European nephrology is flourishing and the proceedings that make up these books bear witness to this. These volumes and their companion pieces, the Transactions of the American Society for Artificial Internal Organs, keep the practicing nephrologist abreast of current research both clinical and technical. The 1972 association meeting was held in Florence, and it is heartening to note that 38 of 324 authors came from the United States.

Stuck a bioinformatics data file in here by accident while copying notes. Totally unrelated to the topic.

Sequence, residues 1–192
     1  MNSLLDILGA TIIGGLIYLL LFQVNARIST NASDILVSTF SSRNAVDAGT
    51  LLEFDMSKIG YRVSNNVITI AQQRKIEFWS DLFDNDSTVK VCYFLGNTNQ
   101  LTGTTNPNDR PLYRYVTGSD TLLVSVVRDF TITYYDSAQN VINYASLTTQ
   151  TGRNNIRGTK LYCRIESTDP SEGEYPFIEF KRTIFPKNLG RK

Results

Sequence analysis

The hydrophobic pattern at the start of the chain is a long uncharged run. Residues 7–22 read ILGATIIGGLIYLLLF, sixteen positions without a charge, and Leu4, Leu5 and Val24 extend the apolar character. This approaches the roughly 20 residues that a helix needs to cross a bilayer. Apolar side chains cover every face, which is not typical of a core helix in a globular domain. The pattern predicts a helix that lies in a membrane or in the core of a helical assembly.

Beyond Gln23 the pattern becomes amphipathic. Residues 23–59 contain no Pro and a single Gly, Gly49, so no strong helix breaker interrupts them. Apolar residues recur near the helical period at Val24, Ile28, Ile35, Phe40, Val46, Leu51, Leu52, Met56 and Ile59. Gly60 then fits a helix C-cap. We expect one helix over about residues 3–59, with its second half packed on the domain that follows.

The papers cover a large variety of topics ranging from the (as yet imaginary) middle molecules to osteonecrosis in transplanted patients. Heresies like sodium dialysis are presented cheerfully. Giordano gives the first invited lecture on amino acids and diet in renal failure. The occasional paper in French provides a chance to sharpen language skills rusted by disuse. The discussions that follow each paper are often wonderfully funny examples of British understatement of vigorous disagreement. In any event, the general internist may choose